A 4-Step Guide to Cleaning Wax Off Your Carpet
Charnell from Clean Corp says keeping all the nooks and crannies in your house clean is no picnic—whether that’s figuring out how to tile clean grout or getting down to business and cleaning those blinds.
While those chores might be challenging, they’ve got nothing on herculean efforts you need to employ to keep carpet pristine in the presence of pets, children, and yes, even you.
That could mean focusing on how to remove coffee stains from carpet or removing nail polish from your carpet after an at-home spa day.
These are not exactly low-maintenance tasks. Heck, there are times when a spill seems so overwhelming that you just want to rip out your current carpeting and figure out exactly just how much it will cost to install new carpet.
That brings us to the perils presented by dinner parties. What sets the tone better than candlelight? It adds the perfect ambience, but there are times when some of that mood lighting can drip right onto the carpet in the form of melted wax along with its toxic components.
Getting spilled candle wax out of your carpet may seem tough, but lucky for you, we’ve got you covered. This super-simple four-step process will help you get candle wax out of your carpet using items you already have around the house. Read on for the list of materials you’ll need for this project and a few insider tricks on how to make your carpet look like new. After all, there’s no use crying over spilled wax.
Wax in, Wax Out
When it comes to removing wax from carpet, Charnell says ‘there’s really no better way to address this than what’s already been proven effective.’ She recommends having the following on-hand to make sure you’re covered:
● Bag of ice or ice pack
● Butter knife
● Iron or hair dryer
● Paper towel, brown paper bag, or terry cloth towel
● Carpet cleaner or rubbing alcohol
Below are some very helpful and practical steps in dealing with carpet problems.
Step 1: Freeze the wax
First things first: It’s important to remove candle wax from your carpet as soon as you notice it. The longer you wait, the harder it will be to clean the wax stain. Start by placing a plastic bag of ice or an ice pack on top of the spot. Allow the wax to freeze for about 10 minutes, making sure that the wax isn’t getting wet from your ice pack. Moisture will only make the stain tougher to remove.
Step 2: Scrape off the wax
Once the wax is frozen, use a butter knife to scrape as much of the wax as you can off of the carpet. Don’t be too rough with the carpet, as you don’t want to cut the threads. The more gentle yet precise you are in dealing with it the better. Next, vacuum up the pieces you scraped off and then continue on to step 3.
Step 3: Heat and absorb the wax
Place a paper towel, brown paper bag, or white terry cloth towel on top of the remaining wax stain. Heat up your iron to the lowest setting, turn off the steam function, and run a clean iron over the towel to heat the wax. Make sure to keep the iron constantly in motion and avoid the temptation to turn up the heat level—you don’t want to accidentally burn the paper or your carpet! Once you start to see the towel absorbing the wax, reposition it over the wax stain so that a clean area can absorb more wax. Repeat this step until all of the wax is gone.
If you want to avoid running an iron over your carpet, a hair dryer can also be used to heat the wax. Simply blow hot air onto the wax stain until it’s warm, then firmly press a paper towel, brown paper bag, or white terry cloth towel onto the stain to absorb the wax.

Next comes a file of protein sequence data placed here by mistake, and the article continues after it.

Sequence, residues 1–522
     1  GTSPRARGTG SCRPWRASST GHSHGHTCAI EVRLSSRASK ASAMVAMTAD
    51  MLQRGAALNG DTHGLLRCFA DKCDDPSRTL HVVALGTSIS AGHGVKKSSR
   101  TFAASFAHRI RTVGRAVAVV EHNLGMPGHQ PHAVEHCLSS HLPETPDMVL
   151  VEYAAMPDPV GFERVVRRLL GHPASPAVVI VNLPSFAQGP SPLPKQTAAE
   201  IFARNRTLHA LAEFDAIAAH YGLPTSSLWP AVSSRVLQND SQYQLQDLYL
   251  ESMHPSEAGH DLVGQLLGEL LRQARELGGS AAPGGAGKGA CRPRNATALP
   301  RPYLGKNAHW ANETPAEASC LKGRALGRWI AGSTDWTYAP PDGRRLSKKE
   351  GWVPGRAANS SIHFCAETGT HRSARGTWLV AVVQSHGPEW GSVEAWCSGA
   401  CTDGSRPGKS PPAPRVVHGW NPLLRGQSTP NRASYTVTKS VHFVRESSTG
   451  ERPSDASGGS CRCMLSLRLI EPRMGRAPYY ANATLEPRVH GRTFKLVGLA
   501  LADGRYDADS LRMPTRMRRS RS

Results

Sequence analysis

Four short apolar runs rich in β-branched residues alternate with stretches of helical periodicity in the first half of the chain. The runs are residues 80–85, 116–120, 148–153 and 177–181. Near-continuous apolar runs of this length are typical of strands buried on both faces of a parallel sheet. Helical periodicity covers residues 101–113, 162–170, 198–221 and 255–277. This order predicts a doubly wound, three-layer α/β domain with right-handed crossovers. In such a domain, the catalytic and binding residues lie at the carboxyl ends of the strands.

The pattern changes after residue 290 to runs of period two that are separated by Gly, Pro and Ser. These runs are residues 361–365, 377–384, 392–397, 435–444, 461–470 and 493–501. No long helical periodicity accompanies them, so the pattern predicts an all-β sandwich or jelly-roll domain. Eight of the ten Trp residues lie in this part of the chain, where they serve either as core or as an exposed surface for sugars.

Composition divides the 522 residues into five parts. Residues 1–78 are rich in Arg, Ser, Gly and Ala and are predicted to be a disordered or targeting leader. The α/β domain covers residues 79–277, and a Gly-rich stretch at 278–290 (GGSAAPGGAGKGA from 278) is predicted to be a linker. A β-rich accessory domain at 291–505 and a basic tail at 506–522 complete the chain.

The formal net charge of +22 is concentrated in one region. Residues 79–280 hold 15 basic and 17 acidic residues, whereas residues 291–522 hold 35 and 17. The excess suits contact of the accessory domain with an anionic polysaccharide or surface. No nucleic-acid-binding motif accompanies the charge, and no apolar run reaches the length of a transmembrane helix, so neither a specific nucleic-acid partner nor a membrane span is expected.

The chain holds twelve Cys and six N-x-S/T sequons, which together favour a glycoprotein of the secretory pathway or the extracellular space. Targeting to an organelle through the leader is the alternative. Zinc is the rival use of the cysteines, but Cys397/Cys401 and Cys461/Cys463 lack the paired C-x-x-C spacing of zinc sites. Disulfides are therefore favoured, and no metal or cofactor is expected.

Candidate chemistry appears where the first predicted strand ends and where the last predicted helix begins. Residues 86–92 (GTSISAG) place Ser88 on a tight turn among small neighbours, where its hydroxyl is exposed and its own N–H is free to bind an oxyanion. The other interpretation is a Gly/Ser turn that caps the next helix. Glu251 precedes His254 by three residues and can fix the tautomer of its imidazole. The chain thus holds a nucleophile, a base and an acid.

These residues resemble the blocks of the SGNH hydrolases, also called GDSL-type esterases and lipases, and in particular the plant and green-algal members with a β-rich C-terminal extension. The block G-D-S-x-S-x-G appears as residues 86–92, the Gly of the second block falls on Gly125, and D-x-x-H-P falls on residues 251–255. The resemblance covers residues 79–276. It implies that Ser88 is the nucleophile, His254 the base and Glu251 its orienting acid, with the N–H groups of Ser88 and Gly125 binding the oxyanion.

Step 4: Clean the carpet
Last but not least, go over the stained area with a carpet cleaning solution. For pesky colored candle wax, wet a white terry cloth towel with a small amount of rubbing alcohol and gently dab the stain until the color is removed. Be careful not to rub the solution into the carpet as this could hurt the fragile fibers. Once your carpet has dried, run a vacuum over the area to return the natural texture to your carpet. And voilà! You’re ready to host your next dinner party.
Bonus Life-Saving Tip
Last but not least, and probably one of those things that catches most DIY carpet cleaning is the carpet – moisture contact.
Charnell notes that carpets aren’t supposed to get wet, so you know that you’ve got a problem on your hands when water makes contact with your carpet, especially when you’re cleaning unattended by the professionals.
Whether you’re dealing with ruptured pipes, storm flooding in the basement or simply trying to clean them, that fiber and padding need attention right away. Why?
Because time isn’t on your side.
Since wet carpets cause mold to grow in as little as 24 to 48 hours, you need an action plan.
Here’s an outline that can prevent a problem before it even begins:
1. Spread towels over wet areas, and apply pressure. As they pick up moisture, replace
them with new dry towels, and repeat the process removing as much water as possible.
2. Sprinkle baking soda over damp spots, leave it in place overnight, and then vacuum.
This helps absorb any residual moisture and also controls odors.
3. Lightly spray the area with white vinegar to combat mold growth. Scrub vigorously
with a stiff brush, and then blow dry the treated carpet.
4. Follow up with an antifungal spray specifically formulated for carpets. Don’t confuse
these products with cleaners meant for bathrooms and kitchens.
5. Ventilate the area for several days by running the AC and setting up fans in the
room to circulate fresh air. Vacuum one last time to remove any trace of products and moisture.
With these tips may you have cleaner carpets and healthier families.